In set theory, forcing is a way of “adjoining indeterminate objects” to a model in order to make certain axioms true or false in a resulting new model.
The language of forcing is generally used in material set theory. From the point of view of structural set theory/categorical logic it is more or less equivalent to the construction of categories of sheaves in topos theory and structural set theory: here a classifying topos of a theory is a “category of sets” that is “forced” to contain a generic model of the theory.
There are three ways in which to describe the construction of forcing, which can be explained by analogy to a situation in algebra. Suppose that we have a ring $R$ and we want to know what $R$ would be like if it had a nilsquare element, i.e. an $x$ such that $x^2=0$, although we don’t know whether $R$ actually has any nilsquare elements. There are several things we could do.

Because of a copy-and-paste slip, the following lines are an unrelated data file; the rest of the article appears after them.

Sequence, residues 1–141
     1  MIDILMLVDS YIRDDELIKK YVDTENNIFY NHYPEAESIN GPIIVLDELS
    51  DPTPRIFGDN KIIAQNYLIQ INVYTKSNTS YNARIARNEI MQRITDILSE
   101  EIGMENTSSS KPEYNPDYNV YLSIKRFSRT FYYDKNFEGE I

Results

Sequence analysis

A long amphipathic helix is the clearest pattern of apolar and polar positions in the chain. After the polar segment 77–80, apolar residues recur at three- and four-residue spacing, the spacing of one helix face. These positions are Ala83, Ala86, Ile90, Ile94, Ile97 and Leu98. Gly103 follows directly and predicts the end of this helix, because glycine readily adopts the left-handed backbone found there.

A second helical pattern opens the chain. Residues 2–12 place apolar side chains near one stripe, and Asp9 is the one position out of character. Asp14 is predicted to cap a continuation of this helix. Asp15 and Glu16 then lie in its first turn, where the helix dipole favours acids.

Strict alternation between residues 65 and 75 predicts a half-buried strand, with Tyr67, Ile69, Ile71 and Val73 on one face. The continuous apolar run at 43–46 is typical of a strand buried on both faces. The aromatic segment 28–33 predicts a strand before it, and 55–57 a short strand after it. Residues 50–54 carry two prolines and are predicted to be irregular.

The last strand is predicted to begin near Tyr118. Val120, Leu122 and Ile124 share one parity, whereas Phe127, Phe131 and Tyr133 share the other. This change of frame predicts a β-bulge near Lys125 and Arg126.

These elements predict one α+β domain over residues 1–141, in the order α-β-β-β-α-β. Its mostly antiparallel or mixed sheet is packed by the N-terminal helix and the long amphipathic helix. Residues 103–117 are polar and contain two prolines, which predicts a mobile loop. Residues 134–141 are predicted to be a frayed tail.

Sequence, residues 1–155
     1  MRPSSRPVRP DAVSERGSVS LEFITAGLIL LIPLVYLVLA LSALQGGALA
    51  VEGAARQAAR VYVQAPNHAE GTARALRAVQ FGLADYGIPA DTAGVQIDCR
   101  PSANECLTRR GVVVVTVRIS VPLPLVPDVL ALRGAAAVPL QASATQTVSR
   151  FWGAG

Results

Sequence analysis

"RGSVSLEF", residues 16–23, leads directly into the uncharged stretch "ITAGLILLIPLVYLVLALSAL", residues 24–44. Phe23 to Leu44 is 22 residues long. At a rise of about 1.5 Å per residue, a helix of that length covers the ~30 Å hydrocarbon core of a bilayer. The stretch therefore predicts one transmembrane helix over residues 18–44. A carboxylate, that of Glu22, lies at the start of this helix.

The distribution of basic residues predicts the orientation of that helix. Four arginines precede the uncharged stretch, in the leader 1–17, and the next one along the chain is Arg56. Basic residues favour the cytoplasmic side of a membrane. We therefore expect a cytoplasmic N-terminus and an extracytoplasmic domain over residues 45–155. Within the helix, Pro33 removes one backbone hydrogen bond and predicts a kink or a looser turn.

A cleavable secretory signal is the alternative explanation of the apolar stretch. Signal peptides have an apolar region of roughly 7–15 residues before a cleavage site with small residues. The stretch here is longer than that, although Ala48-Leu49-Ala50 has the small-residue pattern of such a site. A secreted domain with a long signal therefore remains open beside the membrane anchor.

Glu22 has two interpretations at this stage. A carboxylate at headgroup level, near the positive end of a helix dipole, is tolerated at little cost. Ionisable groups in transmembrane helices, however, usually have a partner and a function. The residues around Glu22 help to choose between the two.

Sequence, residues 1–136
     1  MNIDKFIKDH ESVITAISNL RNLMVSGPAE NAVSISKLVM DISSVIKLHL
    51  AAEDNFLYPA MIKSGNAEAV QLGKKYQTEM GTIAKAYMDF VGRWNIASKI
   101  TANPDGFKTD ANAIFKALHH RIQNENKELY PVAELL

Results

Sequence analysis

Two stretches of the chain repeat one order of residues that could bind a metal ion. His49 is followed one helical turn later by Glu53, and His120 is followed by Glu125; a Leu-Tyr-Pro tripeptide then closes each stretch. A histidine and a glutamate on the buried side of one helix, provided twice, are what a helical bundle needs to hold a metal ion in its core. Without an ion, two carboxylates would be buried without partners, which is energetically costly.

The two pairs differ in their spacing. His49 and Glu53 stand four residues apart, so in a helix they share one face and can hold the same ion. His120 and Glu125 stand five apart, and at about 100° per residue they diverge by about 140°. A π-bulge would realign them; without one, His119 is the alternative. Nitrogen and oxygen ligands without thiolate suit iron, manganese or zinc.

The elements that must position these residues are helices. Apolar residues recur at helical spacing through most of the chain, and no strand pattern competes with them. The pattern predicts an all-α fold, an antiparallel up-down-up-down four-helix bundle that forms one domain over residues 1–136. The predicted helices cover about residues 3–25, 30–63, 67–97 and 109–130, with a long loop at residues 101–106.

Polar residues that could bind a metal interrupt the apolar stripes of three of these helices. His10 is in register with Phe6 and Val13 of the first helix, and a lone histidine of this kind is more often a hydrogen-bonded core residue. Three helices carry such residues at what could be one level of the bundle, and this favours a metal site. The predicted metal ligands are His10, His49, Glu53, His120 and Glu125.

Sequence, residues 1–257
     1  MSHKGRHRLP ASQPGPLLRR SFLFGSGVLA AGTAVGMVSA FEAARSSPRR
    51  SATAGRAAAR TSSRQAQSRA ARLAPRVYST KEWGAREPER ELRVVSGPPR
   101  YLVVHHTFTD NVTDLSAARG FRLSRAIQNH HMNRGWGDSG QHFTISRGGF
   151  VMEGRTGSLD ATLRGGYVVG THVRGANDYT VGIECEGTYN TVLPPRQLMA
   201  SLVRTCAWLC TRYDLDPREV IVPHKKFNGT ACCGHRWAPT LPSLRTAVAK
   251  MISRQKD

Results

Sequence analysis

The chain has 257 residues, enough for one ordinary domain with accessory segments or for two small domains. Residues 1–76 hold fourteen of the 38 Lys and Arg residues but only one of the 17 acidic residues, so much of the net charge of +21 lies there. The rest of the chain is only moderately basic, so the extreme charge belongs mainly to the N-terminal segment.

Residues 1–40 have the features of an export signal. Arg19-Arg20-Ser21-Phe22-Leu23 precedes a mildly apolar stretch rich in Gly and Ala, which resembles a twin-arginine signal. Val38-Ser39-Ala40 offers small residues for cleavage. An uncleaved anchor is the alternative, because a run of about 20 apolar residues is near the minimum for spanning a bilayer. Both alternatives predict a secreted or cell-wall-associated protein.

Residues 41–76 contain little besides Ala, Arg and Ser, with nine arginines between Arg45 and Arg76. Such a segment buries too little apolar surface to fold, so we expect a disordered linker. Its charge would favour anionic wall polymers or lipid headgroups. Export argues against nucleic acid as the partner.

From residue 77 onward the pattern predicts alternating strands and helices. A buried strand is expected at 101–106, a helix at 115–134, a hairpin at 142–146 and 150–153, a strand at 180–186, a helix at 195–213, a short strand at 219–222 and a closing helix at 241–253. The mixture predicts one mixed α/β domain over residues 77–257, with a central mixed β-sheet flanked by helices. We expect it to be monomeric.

We could consider some larger ring $S$ which contains $R$ as a subring, and also contains some nilsquare element $x$, and then study the subring of $S$ generated by $R$ and $x$, using only our knowledge that it contains $R$ and $x$ and that $x$ is nilsquare.
We could work formally in the theory of $R$ with an extra variable $x$ and the axiom that $x^2=0$, avoiding consideration of any new rings at all.
We could construct the polynomial ring $R[x]$ and quotient by the ideal $(x^2)$, resulting in the universal ring $R[x]/(x^2)$ containing $R$ and also a nilsquare element.
Obviously these are more or less equivalent ways of doing the same thing. Arguably, most modern mathematicians would find the third the most natural. It is certainly the most category-theoretic and the most in line with the nPOV.